The Democratic allegations at the heart of the ongoing impeachment inquiry are pretty simple: that Donald Trump used the power of the presidency to pressure a foreign government to improperly investigate Joe Biden. Or as Democrat Eric Swalwell of California summarized it on Nov. 7, “Defense dollars for dirt.”
The Republican response, by contrast, has been less straightforward. In the weeks since Sept. 24, when the White House released a rough transcript of Trump’s July 25 call with Ukrainian president Volodomyr Zelensky, the Republican defense has shifted dramatically, from denying the charges and then dismissing that they would be impeachable if true, to denigrating witnesses and evidence and attacking the impeachment process.
Democrats paint the changing defense as evidence of its weakness. Republicans attribute it to another source: disorganization. So far, they say, there’s been little coordination between the White House and Trump’s nominal allies on the Hill about a messaging strategy.
But the GOP tried to institute some order before the first day of public testimony in the House’s impeachment hearings, circulating a memo from staff to Republican committee members the day before— which was obtained by TIME— outlining “four key pieces of evidence” that they believe are “fatal to the Democrats’ allegations.”
Here’s a look at how the defense of Donald Trump has changed since the impeachment proceedings began.
‘No Quid Pro Quo’
Since the moment he authorized the release of a transcript, Trump has maintained there was no quid pro quo in his withholding military aid from Ukraine while pushing the country to investigate Joe and Hunter Biden. In a tweet announcing the decision to publish the call, Trump said his conversation with President Zelensky was “totally appropriate,” that he applied “no pressure,” and that there was “NO quid pro quo.”
Trump has continued to chant this mantra at rallies, on Twitter and in interviews — a blanket defense of the core issue at the center of Democrats’ investigation. And it has been echoed by other top members of his Administration. “The transcript of the President’s phone call with President Zelensky… there was no quid pro quo,” Vice President Mike Pence said on Oct. 3. “There was no pressure.” Kellyanne Conway, counselor to the president, Larry Kudlow, Trump’s chief economic advisor, Steve Mnuchin, Treasury secretary, and others of Trump’s top allies have all repeated this line as well.
But this stance has become more complicated in recent days as witnesses have asserted explicitly to House investigators that there was, in fact, a quid pro quo.
“That was my clear understanding,” William Taylor, the top U.S. diplomat in Ukraine, testified last month. “Security assistance money would not come until the president [of Ukraine] committed to pursue the investigation,” Taylor continued, according to the transcript of his testimony. Taylor reaffirmed this in public testimony on Nov. 13. “[Gordon Sondland] described conditions for the security assistance and the White House meeting in those terms,” Taylor said. “That is, they were dependent upon— conditioned upon— pursuing these investigations.”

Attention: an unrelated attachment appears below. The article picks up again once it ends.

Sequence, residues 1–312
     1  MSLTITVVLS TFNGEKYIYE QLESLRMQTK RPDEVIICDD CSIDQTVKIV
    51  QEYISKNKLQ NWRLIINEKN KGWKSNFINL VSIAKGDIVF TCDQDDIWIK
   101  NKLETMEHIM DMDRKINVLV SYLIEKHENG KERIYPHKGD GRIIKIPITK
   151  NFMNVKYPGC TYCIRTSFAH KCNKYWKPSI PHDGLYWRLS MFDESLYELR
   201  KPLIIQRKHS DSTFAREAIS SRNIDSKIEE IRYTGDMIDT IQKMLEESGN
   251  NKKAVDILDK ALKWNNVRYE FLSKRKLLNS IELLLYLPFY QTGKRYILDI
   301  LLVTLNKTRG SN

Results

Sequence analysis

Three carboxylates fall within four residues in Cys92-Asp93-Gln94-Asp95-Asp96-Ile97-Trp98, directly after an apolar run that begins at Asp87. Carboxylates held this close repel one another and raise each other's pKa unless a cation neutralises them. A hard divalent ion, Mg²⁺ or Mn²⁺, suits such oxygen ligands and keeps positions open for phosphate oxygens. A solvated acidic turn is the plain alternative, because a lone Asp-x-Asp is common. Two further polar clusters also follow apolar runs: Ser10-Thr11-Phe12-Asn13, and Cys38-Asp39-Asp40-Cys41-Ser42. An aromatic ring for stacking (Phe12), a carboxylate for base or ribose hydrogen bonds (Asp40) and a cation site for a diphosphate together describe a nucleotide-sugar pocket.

On Nov. 5, Sondland, the U.S. Ambassador to the European Union, revised his original testimony to include that he had passed along such a message to a Zelensky advisor. “I said that resumption of the U.S. aid would likely not occur until Ukraine provided the public anticorruption statement that we had been discussing for many weeks,” Sondland said in a written statement.
Some Trump aides adjusted their strategy, and been backing away from an unequivocal “no quid pro quo” defense.
On Nov. 3, for example, Conway changed her tune on CNN. She continued to say there was no quid pro quo, but then when pressed by CNN’s Dana Bash, Conway said, “I don’t know whether aid was being held up and for how long.”
Attacking the process
When Pelosi announced the start of a formal impeachment inquiry on Sept. 24, Republicans immediately began decrying the process and questioning the legitimacy of the investigation. In past impeachments, the inquiries had been voted on by the full House, whereas in this case, Pelosi didn’t hold a vote to begin it. While that broke with tradition, there is nothing in the Constitution that says the House needs a vote to begin an impeachment investigation. But Republicans and White House lawyers seized on the procedural omission to defend Trump nonetheless. As the investigation has proceeded, they’ve also criticized the fact that many of the hearings have been held behind closed doors.
“This is a process problem,” Rep. Mark Meadows, an ally of the President and leader of the Freedom Caucus, told TIME in late October. “If you focus on communication and not process, you’re focusing on the wrong thing.”
On Oct. 8, White House Counsel Pat Cipollone sent a letter to House Democratic leaders in which he said they “have designed and implemented your inquiry in a manner that violates fundamental fairness and constitutionally mandated due process,” specifically citing the lack of a House vote to authorize it. He announced that Trump and his Administration would not cooperate with the investigation.
“We think there’s serious constitutional flaws [with] the way the process is going on,” Trump’s personal attorney Jay Sekulow told TIME on Oct. 22.